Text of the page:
Six key steps from federal agencies
By Charlene Crowell | Center for Responsible Lending
Days before student borrowers across the nation resume student loan payments after a more than two-year pause prompted by the COVID-19 pandemic, a diverse group of 20 cities and counties representing more than 1.2 million people with nearly $50 billion in student loan debt sent a letter on Sept. 21 to President Joe Biden. Although the letter began by applauding his leadership in pursuing debt relief, it also urged even more persistent and aggressive actions.
“We must not accept a return to the failed pre-COVID status quo where nine million borrowers were in default – one borrower defaulting on their student loans every 26 seconds,” wrote the local officials that included Boston, Cleveland, Little Rock, Newark, Philadelphia, San Francisco and other locales. “Black and Latino borrowers have faced the greatest debt burdens and worst repayment outcomes, expanding and perpetuating racial inequality across American cities.”
The nation’s 44 million and rising student loan borrowers collectively owe an unsustainable $1.7 trillion. And this October – regardless of what the White House may yet launch, payments will become due again.
Fortunately, online resources developed by the federal government can assist borrowers to adjust to the return of payments. Moreover, many of these tools make clear borrower responsibilities, consequences for failure to make timely payments, and where needed information can be found.
For example, Federal Student Aid’s website offers useful and easy to understand tips on how borrowers should begin repayments. Here’s a summary of its content:
1. Update your contact info. – Review your Student Aid.gov profile as well as your loan servicer’s website. Failure to complete both can result in failing to receive updates on your loan.
2. Get info about your next payment. – After updating your contact info, your loan servicer alerts borrowers to three important items – payment due dates, upcoming interest, and payment amounts. Your payment will be due no sooner than 21 days after your servicer sends the billing statement. Borrowers may also call or email their loan servicers for this information. If loan servicer contact info is not known, borrowers are urged to find out that important information by phoning (800) 4-FED-AID (800-433-3243).
3. Find out if you’re enrolled in the best repayment plan for you. – Borrowers have options on selecting the best repayment plan for their circumstances. Federal Aid’s online Loan Simulator tool helps borrowers to better understand their repayment options on federal loans. Browsers using this tool are advised that its availability does not guarantee full accuracy. But for borrowers who need clarification on determining their best strategy for loan repayment, whether to consolidate their loans, or are struggling with current loan repayments, it provides useful information and direction. The Loan Simulator also offers an option to learn more about student loan limits, how your choice of school affects borrowing levels, and more. Access the Federal Student’s Loan Simulator at: https://studentaid.gov/loan-simulator/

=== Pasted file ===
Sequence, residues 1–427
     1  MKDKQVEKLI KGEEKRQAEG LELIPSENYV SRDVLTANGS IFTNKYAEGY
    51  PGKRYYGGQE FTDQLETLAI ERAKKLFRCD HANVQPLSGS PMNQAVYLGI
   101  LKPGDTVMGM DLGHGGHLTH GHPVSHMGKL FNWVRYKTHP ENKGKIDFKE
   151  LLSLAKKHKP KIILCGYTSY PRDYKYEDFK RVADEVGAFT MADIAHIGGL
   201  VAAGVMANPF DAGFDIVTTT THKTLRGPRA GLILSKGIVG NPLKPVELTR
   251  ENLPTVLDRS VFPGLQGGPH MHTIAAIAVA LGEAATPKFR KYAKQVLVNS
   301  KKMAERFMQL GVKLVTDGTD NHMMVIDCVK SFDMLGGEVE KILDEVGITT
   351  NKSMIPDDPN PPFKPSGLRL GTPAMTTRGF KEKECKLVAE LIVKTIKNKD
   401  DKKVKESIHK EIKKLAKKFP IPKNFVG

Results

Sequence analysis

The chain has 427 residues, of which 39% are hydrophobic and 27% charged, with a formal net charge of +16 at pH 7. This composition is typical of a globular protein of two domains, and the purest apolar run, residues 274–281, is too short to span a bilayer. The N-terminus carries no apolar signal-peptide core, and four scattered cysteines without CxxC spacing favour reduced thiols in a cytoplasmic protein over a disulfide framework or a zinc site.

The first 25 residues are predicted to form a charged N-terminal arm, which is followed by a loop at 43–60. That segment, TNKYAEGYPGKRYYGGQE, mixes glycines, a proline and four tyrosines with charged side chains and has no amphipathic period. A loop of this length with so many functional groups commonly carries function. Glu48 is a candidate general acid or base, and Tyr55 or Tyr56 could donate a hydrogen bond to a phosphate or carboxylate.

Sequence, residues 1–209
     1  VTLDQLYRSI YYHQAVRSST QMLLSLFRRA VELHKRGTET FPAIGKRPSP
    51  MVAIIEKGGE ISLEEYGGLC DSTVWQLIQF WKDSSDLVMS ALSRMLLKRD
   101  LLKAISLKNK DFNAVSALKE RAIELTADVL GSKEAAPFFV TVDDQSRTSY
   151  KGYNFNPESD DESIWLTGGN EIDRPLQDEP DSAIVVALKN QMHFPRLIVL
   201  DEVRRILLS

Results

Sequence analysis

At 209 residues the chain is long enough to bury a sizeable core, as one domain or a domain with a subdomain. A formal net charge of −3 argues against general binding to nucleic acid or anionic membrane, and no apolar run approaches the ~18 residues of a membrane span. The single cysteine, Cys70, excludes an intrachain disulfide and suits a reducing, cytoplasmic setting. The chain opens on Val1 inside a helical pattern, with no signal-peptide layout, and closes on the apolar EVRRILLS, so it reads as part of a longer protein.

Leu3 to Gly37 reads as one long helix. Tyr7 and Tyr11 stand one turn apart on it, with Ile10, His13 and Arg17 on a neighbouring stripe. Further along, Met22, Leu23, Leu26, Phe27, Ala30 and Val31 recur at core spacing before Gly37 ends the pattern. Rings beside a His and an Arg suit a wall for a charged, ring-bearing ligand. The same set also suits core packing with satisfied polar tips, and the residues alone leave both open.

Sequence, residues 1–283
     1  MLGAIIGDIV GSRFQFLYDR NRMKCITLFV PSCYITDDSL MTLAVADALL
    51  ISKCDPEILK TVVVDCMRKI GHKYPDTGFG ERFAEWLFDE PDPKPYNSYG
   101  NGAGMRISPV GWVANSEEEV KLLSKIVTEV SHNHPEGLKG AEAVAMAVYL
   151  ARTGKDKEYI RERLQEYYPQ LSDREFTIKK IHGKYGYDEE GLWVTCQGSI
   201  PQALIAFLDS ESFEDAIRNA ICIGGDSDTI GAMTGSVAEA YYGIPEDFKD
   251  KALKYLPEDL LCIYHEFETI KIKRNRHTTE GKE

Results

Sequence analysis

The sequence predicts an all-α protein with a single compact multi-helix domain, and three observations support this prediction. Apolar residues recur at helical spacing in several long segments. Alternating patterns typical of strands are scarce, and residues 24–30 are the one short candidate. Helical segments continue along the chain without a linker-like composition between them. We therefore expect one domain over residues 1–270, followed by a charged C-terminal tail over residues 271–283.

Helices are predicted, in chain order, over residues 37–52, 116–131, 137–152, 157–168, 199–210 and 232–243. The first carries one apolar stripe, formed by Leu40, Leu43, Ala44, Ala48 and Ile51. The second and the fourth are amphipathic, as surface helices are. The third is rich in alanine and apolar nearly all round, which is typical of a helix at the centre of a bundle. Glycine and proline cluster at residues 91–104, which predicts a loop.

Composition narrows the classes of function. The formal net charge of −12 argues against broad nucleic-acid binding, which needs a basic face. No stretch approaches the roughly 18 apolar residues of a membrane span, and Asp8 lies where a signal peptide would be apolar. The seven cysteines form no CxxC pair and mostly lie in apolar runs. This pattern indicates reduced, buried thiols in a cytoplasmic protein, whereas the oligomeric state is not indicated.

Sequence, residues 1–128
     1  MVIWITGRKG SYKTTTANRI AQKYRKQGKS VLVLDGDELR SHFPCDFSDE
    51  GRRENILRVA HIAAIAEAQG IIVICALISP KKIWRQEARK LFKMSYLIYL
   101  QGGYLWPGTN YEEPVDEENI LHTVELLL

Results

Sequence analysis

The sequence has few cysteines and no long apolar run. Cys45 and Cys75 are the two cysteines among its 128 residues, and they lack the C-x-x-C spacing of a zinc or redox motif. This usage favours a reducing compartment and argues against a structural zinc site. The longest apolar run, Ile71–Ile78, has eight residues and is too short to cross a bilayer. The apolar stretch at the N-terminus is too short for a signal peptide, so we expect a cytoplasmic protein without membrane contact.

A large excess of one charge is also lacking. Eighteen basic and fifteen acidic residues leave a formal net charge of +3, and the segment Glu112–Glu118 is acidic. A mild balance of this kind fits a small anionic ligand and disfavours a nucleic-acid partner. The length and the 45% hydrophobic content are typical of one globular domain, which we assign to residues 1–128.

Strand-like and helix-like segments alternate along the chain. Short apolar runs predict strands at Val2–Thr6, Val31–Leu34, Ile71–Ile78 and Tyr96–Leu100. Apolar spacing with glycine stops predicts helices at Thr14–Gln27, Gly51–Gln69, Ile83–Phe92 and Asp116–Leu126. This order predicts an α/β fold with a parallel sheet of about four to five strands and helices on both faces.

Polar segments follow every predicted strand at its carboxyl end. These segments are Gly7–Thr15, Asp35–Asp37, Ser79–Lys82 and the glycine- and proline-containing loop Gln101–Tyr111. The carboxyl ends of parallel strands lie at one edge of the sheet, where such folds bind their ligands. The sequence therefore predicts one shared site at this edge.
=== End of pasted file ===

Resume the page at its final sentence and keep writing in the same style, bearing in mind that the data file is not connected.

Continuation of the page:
4. Take action now if you need to lower your monthly payment. – Borrowers previously enrolled in an income-driven repayment plan or IDR, but have had a change of income since payments were suspended, may be able to receive a new and lower monthly payment. Specific steps are required for borrowers in this category. For instance, beyond certifying your employment and income, family and marital status must also be documented in an updated application.
5. If you need immediate relief, contact your loan servicer ASAP. – Your loan servicer is your point of contact for your loan, loan payments, and other needs.
6. Fully understand the difference between loan delinquency and loan default. If you miss a payment, your loan is delinquent. If it remains delinquent for 270 days, it is defaulted and brings specific financial penalties:
a. The default status will damage your credit score.
b. You can lose your access to more student aid.
c. The government can seize your tax refund, up to 15 percent of Social Security benefits, and/or your paycheck towards paying off your defaulted loan.
Beyond these resources, the Consumer Financial Protection Bureau (CFPB) recently encouraged consumers to remember filing complaints on loan servicer issues remains an option.
“As borrowers prepare for student loan payments to resume, CFPB is working to ensure that servicers follow the law and that consumers are protected,” states a September web advisory. “We will be looking closely at loan servicers’ practices, borrower outcomes, information from fellow regulators, and issues raised through consumer complaints…CFPB has a number of tools for holding student loan servicers accountable, but consumer complaints are particularly powerful because they allow us to help consumers, identify and address emerging issues, and hold companies accountable for following the law.”
Anyone desiring to register a complaint with CFPB should visit: https://www.consumerfinance.gov/complaint/. Complaints may also be made by phone weekdays between the hours of 8 a.m. and 8 p.m. Eastern Time. Callers should expect to spend an average of 30 minutes for completion. The toll-free phone line is (855) 411-3732.
Charlene Crowell is a senior fellow with the Center for Responsible Lending. She can be reached at Charlene.email@example.com.
DISCLAIMER: The beliefs and viewpoints expressed in opinion pieces, letters to the editor, by columnists and/or contributing writers are not necessarily those of OurWeekly.